Use of the anisotropically conductive adhesive covered with the thermoplastic layer offers may advantages. The anisotropically conductive adhesive can be distributed over the entire surface of the substrate. The conductive particles are sufficiently separately from each other so that current will now flow between adjacent conductive areas on the same substrate. The anisotropically conductive adhesive and thermoplatic adhesive can be used on a variety of surfaces.
In one embodiment, the interconnection means is comprised of a continuous strip of flexible film having a plurality of parallel conductive traces deposited thereon, the surfaces of said traces being essentially covered by the anisotropically conductive adhesive and a layer of dielectric thermoplastic adhesive to form a flexible cable connector. The flexible cable connector can be cut to length and adhered to a second substrate anywhere along its length since the interconnecting capability is present at all points along the cable but is not activated until heat and pressure are applied.
The invention as disclosed herein is particularly useful for point-to-point matrix interconnections. Such interconnections can be made to any exposed conductive traces or areas or with other conductive areas having the anisotropically conductive adhesive and thermoplastic insulating layers in accordance with the invention.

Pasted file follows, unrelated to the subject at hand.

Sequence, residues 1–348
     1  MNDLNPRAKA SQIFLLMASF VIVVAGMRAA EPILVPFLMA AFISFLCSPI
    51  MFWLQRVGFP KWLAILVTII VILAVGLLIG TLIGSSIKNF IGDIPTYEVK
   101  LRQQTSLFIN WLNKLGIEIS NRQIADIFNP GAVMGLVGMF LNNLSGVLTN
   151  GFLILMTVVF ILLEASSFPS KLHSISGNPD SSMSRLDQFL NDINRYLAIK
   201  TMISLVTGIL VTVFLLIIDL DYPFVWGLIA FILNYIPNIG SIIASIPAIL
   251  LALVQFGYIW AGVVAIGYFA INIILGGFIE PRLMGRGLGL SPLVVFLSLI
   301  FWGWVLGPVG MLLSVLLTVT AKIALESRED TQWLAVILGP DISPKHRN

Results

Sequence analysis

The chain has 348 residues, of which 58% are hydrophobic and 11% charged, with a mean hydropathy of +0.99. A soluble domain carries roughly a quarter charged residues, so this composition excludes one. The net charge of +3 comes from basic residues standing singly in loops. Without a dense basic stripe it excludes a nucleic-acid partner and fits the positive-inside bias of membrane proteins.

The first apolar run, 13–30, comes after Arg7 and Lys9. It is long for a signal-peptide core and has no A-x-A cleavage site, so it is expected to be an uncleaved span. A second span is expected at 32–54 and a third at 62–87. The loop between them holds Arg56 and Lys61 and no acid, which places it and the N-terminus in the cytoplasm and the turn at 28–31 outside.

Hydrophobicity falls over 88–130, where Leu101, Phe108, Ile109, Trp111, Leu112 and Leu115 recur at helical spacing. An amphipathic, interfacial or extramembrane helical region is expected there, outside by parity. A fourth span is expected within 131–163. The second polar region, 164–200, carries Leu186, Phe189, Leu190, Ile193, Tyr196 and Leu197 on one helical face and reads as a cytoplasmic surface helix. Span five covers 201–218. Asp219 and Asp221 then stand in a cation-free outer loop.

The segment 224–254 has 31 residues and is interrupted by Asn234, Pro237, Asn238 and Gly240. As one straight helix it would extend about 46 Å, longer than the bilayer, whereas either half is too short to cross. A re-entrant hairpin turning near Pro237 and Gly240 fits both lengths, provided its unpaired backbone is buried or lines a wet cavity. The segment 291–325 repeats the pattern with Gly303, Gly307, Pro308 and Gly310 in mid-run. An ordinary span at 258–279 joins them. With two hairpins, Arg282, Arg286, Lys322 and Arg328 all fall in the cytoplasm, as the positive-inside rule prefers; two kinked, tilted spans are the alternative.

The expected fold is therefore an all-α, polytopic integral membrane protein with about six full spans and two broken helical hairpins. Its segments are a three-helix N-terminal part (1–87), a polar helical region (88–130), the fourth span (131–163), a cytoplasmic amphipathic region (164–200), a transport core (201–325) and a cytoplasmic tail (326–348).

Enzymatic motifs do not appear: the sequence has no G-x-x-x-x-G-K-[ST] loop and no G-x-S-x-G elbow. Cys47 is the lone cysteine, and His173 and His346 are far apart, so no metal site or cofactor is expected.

Interconnecting means made in accordance with this invention offer connecting capabilities within the circuit path or area itself thus permitting direct connections between two surfaces without need for a housing. This is particularly advantageous when used on glass or other non-crimpable surfaces. Furthermore, these interconnecting means are particularly suitable for automatic assembly processes. In accordance with the invention these interconnecting means offer discrete and mass termination capabilities. If desired, the circuits can be terminated with standard connectors. Another means for interconnecting conductive circuit traces or areas on two substrates where at least one substrate has screened circuitry is disclosed in our copening U.S. patent application Electrical Interconnecting Means Ser. No. 657,851.
The interconnecting means disclosed herein can also be used for surface mounting components to a substrate. The means is especially suitable for mechanically and electrically monting leadless components to either flexible or firm substrates.
The interconnection means as disclosed herein can be understood by referring to the following drawings.
FIG. 1 is a perspective view of two sections of cable having the invention thereon and a lap joint between said two sections.
FIG. 2 is a cross-sectional view of the cable taken along the line 2--2 of FIG. 1.